It's bulky, uncomfortable and sometimes embarrassing, but now there's an easier solution that lets patients breathe and live freely.
Two years ago, Ruth McCoy was on top of the world.
Everything changed when this young grandmother took some aspirin for a headache, a total of 10 in two days. "Sometime during the night, I guess I passed out on the floor," she said.
Ruth had a severe reaction to the pain killer. She was in a coma for two weeks and lost 75 percent of her lung function.
She was confined to a wheelchair and had to be on oxygen 24/7. That meant wearing this nasal device everywhere she went.
"Everybody stared at you when you would go in public. I didn't have any self esteem. It took away from my self-esteem," adds McCoy.
The tubes left sores around her nose and ears and drained her energy.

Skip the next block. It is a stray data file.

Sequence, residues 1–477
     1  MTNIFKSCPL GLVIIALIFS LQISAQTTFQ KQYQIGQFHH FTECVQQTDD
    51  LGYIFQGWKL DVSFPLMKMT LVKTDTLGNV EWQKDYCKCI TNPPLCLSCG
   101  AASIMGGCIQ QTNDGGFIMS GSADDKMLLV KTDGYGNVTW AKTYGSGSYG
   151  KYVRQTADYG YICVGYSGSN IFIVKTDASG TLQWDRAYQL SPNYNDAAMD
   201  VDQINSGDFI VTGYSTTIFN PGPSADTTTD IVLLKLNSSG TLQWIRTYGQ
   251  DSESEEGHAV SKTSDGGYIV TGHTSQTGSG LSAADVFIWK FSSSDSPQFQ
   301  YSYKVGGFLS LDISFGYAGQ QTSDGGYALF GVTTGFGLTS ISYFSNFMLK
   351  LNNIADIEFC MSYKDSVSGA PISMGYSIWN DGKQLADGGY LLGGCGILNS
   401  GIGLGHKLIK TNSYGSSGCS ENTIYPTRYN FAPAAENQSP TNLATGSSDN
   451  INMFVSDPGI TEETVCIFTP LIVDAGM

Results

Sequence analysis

Then Ruth met Dr. Christine Lau who told her about an innovative procedure.
Instead of going through the nose, doctors made a small incision in Ruth's neck. A catheter delivers oxygen through the trachea.
Patients get more oxygen with each breath. One study found those who receive oxygen this way live an average two years longer.
The incision is hidden. Patients wear the tubing under their clothes, and their oxygen tanks can be discreetly stored in a handbag.
"This is something that at least we can offer them that is lifestyle-changing for Them," said Dr. Lau.
Ruth cut her oxygen flow in half and now has energy to shop around town.